MILAN/LONDON, Feb 14 (Reuters) - The field of prospective bidders for the Italian petrol station network belonging to Total and Italian energy group Erg has narrowed, leaving only a handful of interested parties undertaking due diligence checks on the business, sources familiar with the matter said.
A first round of bidding for the TotalErg joint venture company drew to a close at the end of January and binding bids for the network are now expected some time in early April, the sources said.
“It’s a tough sale and things are moving slowly,” one of the sources said, adding that management presentations had yet to take place.
API Anonima Petroli, the privately-owned oil refiner which owns 2,600 stations of its own, is one of the industrial players left in contention, along with Qatar Petroleum, the sources said.
Rival operator Kuwait Petroleum International (Q8) has said it is not in the running. “We monitor the market for opportunities but in this phase we are not interested in the asset,” a Q8 spokesman said.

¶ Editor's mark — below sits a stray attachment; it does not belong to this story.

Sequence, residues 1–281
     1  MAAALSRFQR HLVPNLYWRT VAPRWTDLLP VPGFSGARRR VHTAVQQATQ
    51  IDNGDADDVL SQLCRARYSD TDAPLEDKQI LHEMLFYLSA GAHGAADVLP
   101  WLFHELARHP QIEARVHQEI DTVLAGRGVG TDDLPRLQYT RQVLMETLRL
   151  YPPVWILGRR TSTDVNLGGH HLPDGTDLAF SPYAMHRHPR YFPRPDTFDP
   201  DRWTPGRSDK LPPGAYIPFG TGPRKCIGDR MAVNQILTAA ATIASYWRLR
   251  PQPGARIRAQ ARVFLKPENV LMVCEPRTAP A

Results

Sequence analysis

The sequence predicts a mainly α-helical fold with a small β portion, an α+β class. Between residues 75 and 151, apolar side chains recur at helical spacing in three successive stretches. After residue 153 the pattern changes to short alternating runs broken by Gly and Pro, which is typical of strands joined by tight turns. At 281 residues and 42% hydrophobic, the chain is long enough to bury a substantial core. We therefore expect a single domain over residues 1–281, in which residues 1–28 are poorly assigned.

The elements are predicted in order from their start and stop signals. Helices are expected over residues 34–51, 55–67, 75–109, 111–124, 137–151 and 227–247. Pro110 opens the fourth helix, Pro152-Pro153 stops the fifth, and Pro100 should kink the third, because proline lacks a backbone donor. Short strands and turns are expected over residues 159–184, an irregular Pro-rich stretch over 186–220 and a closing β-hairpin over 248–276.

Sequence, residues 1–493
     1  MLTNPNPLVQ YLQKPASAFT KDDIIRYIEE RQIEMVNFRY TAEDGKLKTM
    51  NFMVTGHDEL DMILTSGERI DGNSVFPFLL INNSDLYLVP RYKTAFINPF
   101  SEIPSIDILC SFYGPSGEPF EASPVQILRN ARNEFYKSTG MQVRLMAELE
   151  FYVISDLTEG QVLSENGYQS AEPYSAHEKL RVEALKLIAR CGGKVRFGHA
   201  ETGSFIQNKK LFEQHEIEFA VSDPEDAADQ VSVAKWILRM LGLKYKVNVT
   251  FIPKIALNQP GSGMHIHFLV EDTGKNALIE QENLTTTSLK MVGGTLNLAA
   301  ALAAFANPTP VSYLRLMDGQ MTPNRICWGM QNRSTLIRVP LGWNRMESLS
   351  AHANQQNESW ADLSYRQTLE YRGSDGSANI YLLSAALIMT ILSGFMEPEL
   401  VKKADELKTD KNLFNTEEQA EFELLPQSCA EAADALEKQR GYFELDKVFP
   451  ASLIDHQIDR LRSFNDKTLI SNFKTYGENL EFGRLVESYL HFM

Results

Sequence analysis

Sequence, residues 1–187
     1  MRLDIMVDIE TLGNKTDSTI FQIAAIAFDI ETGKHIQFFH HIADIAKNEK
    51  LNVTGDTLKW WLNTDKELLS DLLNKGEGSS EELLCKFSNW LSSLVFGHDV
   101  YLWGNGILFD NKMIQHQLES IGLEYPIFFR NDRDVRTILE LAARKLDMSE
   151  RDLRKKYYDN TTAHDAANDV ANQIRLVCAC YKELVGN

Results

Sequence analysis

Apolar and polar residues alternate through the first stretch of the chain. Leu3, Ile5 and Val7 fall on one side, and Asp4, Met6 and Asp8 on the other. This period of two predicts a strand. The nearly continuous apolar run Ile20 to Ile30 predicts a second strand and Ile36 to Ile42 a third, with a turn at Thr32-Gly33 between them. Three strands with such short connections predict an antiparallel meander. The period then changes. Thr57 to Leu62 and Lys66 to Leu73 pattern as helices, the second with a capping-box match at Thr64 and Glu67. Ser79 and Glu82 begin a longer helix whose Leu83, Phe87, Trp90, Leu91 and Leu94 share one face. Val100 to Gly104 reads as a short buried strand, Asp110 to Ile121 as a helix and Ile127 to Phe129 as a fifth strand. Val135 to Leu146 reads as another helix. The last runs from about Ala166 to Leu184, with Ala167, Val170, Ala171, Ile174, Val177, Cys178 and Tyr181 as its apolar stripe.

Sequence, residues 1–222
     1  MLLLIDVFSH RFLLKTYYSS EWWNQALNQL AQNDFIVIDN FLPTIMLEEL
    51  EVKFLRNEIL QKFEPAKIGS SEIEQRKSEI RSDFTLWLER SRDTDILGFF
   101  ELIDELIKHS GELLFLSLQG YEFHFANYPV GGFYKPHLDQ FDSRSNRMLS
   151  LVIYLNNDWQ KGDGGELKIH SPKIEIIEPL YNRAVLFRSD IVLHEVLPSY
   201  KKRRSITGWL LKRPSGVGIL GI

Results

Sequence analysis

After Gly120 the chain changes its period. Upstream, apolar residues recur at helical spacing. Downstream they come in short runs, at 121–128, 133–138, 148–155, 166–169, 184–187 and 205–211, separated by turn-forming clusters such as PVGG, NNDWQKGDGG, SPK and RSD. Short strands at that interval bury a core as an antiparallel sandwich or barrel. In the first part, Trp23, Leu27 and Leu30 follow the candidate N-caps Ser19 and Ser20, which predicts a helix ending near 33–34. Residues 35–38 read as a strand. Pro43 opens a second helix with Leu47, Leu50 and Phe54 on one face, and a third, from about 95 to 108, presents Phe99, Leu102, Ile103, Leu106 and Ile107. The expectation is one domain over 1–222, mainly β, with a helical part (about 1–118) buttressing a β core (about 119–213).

TotalErg declined to comment, while no one at API or Qatar Petroleum could immediately be reached for comment.
TotalErg, which controls close to 2,600 service stations and has a market share of some 11 percent, appointed HSBC and Rothschild to sell the business that could be worth as much as 800 million euros ($845 million).
But Italy has around 21,000 service stations across the country, almost twice the number in France and almost three times that of Britain, and the sources said a new owner of TotalErg might want to rationalise.
Private equity firms Advent and Apollo have also been admitted to the final stages of bidding, the sources said, while Carlyle Group and KKR decided to pull out.
Some of the sources said Advent and Apollo were considering teaming up with API to prepare a joint offer.
A deal with API would create Italy’s biggest service station operator, ahead of Eni and Kuwait Petroleum International which last year bought a network from Royal Dutch Shell.
Advent declined to comment while no one at Apollo was immediately available to comment. ($1 = 0.9463 euros) (Additional reporting by Clara Denina and Claudia Cristoferi; Editing by Greg Mahlich)